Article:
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David Dodd March 30, 2010 @ 5:22 a.m.

I'm white, not homeless, and have been using public transportation exclusively in San Diego for well over a decade. I have no idea why you feel insecure about it.

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MsGrant March 30, 2010 @ 12:08 p.m.

My husband and the San Diego Chief of Police were once profiled in the MTS flyer as examples of people who ride the bus and the trolley to work. He sold his car and we figured in the two years he took the bus and trolley to work downtown(he eventually got a job at another company so it is no longer an option to use the MTS) we saved at least $5,000.00. No car payment, no insurance and no monthly parking fee. Oh, and no "shock and awes" either. Just simple economics.

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antigeekess March 30, 2010 @ 2 p.m.

Well 'I' don't have any problem with this piece at all, KariAnn. Sounds like an honest report of your experiences and a genuine intention to do some good.

No idea why other commentors are all up in your jock. (Well, yeah, I do have some idea, but I won't bother with a trip down that dead-end street.)

Careful on that bus. San Diego's not Oakland or Richmond, but things can get hinky anywhere there are humans wandering about at will.

A li'l pepper spray never hurt nobody.

:)

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MsGrant March 30, 2010 @ 2:42 p.m.

This is the paragraph that I found hard to follow:

"When I look at other people on the bus, The faces I see are mostly, "What are you doing here?". I understand that I could be wrong, but I have a feeling there are a lot of minorities that look at a young white girl and are convinced that she must have come from a privileged life. Or at least she must have had more opportunities given to her."

I hate to break it to you, but most people are not thinking about you or your position in life, especially on the bus. They are not thinking "What are you doing here?" They're probably thinking more along the lines of "I have to remember to get stamps". To presume that being a white woman on the bus is the cause of all-encompassing consternation for the non-white riders is narcissism at best, and more likely paranoia. This struck me as an essay on the writer's discomfort with taking the bus and HER thinking "What am I doing here?"

My white, white-collar husband never encountered any such perceived hostility nor did he ever think to look for it.

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MsGrant March 30, 2010 @ 6:30 p.m.

Backtracking time!! So, I was just out in my front yard, mowing my lawn whilst my husband edged. We have a sort-of busy street when everyone is leaving the base. So, I keep seeing people look at me and then do a double-take. I'm scratching my head, wondering if I have suddenly developed a pronounced hunchback or some other affliction, when it dawns on me...they are shocked to see a pleasant looking, sort-of middle-aged white woman mowing a lawn. Worst still was that the double-take was accompanied by a pitying look which conveyed their discomfort at seeing a white couple reduced to mowing lawns and doing yard work "in this economy". Except this was our own lawn. I thought about it, and came to the conclusion that in all my walks, bike rides, car trips and any other excursions around my 'hood, I have yet to see the actual homeowners doing their own yard work. I was looked at as most likely an outsider, reduced to menial labor "at my age". Wow.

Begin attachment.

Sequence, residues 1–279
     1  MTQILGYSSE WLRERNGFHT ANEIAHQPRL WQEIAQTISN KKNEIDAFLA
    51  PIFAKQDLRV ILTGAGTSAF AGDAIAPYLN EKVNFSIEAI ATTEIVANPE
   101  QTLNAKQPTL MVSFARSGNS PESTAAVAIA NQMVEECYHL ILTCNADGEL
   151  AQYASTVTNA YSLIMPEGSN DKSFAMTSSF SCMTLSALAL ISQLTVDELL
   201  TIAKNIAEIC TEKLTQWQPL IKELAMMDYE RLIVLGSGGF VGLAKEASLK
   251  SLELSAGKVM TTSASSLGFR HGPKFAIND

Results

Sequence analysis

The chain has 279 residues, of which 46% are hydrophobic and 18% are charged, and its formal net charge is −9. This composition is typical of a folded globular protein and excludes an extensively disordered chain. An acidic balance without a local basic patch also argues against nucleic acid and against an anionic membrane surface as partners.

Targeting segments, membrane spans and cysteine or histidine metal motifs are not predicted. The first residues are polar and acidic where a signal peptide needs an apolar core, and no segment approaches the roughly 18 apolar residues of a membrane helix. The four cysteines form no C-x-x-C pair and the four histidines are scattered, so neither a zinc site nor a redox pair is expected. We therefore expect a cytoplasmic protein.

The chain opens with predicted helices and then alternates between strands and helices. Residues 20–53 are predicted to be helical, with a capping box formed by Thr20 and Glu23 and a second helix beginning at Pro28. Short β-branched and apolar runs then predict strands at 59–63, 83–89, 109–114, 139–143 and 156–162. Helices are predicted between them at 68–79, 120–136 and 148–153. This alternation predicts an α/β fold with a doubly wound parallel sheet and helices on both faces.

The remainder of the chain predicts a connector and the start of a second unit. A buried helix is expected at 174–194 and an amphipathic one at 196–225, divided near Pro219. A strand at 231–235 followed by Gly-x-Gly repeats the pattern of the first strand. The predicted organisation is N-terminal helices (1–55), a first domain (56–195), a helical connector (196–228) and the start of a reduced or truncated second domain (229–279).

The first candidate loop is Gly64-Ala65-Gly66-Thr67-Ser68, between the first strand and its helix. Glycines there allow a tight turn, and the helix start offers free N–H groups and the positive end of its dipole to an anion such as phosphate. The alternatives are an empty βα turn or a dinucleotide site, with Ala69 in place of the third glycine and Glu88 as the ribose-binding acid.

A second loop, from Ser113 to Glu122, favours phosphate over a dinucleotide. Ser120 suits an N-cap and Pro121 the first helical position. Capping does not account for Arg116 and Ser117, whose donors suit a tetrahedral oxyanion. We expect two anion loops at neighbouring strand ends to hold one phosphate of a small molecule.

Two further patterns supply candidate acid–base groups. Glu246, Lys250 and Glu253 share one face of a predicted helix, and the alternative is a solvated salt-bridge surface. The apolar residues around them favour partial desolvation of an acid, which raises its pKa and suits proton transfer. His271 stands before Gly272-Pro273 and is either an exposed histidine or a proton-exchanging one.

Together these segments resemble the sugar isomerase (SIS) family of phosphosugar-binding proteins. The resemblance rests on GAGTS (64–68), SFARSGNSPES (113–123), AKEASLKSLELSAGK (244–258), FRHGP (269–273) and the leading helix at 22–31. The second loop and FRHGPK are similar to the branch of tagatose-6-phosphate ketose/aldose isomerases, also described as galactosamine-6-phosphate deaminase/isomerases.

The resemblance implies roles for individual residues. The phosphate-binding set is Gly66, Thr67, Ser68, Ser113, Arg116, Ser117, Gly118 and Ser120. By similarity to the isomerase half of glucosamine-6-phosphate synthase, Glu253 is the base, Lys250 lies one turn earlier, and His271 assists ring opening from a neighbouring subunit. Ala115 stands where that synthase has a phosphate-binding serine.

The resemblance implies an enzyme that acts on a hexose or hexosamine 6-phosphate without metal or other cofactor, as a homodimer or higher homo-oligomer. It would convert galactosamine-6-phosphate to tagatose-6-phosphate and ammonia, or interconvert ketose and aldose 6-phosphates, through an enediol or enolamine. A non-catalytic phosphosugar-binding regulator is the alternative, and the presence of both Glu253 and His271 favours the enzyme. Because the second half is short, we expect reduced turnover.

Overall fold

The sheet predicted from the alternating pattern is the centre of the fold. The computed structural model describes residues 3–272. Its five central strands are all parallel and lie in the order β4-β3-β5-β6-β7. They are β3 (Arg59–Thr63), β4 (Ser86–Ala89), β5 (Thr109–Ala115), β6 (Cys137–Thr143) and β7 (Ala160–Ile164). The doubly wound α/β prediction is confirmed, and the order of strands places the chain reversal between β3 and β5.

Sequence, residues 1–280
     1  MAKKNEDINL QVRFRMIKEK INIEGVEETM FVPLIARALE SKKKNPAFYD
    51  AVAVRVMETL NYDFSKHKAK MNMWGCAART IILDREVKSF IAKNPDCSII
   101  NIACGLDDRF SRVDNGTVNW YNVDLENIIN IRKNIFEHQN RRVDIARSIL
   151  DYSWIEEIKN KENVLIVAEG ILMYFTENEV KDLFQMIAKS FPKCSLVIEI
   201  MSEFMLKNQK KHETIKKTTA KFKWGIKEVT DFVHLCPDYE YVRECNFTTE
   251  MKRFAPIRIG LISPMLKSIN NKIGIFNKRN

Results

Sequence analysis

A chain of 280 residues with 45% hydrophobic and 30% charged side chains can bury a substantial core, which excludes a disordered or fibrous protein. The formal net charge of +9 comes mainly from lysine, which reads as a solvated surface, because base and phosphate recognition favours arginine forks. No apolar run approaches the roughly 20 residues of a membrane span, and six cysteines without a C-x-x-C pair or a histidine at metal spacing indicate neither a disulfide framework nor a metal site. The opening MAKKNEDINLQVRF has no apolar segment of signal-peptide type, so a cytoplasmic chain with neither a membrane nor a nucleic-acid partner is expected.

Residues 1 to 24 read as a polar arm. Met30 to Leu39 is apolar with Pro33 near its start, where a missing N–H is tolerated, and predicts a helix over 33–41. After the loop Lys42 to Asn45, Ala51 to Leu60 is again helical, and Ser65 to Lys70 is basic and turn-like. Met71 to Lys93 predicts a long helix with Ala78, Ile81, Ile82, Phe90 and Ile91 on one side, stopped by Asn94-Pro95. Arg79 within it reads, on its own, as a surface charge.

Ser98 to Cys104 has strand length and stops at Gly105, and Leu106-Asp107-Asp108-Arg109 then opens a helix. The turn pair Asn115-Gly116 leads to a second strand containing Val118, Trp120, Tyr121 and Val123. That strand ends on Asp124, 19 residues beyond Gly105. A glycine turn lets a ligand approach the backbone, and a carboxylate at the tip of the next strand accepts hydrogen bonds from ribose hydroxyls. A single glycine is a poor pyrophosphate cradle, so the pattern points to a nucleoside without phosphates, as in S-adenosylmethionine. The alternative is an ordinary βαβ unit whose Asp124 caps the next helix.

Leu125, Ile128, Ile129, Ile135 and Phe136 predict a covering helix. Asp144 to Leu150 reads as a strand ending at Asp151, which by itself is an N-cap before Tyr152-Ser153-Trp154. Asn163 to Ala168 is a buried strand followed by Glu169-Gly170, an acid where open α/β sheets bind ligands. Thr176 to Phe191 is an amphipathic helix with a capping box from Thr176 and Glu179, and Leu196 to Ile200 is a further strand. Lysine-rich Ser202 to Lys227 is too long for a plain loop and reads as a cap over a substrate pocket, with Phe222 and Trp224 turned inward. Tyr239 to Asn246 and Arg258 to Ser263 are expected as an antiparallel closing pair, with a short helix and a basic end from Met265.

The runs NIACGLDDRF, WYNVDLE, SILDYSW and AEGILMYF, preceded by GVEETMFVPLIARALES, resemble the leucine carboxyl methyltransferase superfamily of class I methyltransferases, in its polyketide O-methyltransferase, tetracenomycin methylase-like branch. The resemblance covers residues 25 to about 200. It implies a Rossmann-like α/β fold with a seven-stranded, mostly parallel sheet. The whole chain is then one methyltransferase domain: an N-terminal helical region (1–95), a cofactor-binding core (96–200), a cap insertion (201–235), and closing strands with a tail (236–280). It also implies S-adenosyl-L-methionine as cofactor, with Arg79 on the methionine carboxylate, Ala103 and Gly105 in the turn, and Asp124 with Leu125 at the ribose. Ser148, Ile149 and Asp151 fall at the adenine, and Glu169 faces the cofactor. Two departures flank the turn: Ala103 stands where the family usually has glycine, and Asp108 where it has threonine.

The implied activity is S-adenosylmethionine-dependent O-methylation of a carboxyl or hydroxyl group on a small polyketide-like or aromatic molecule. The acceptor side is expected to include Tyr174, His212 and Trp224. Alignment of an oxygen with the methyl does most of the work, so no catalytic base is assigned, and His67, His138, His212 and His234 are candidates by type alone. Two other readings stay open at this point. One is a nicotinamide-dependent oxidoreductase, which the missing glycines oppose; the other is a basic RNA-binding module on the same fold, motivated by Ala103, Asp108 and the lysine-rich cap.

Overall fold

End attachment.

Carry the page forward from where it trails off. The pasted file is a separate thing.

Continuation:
As an aside, I love mowing my own lawn, but usually I do it on the weekend, and there is considerably less traffic, and therefore no double-takes. It is really great exercise.

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David Dodd March 30, 2010 @ 10:41 p.m.

AG: I didn't have a problem with the story at all, just sort of curious about her perceptions concerning white people and public transportation, and the idea that she's different enough to draw attention. I wrote a piece about taking my daughter somewhere, it all revolves around public transportation (with a load of other themes), I'll post it shortly.

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SDaniels March 31, 2010 @ 12:40 a.m.

Dunno 'bout you all, but I have a problem with someone generalizing for all San Diegans here:

re: #1:

"...we smirk at people who try to communicate by casting some look while declining to verbalize"

This from someone calling herself a "writer" in her handle?

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David Dodd March 31, 2010 @ 1:11 a.m.

I dunno, I usually have my face burried in a book or a newspaper. I have had some delightful conversations on the bus or trolley. And I've seen some bad things happen, too. Can't say I've ever smirked.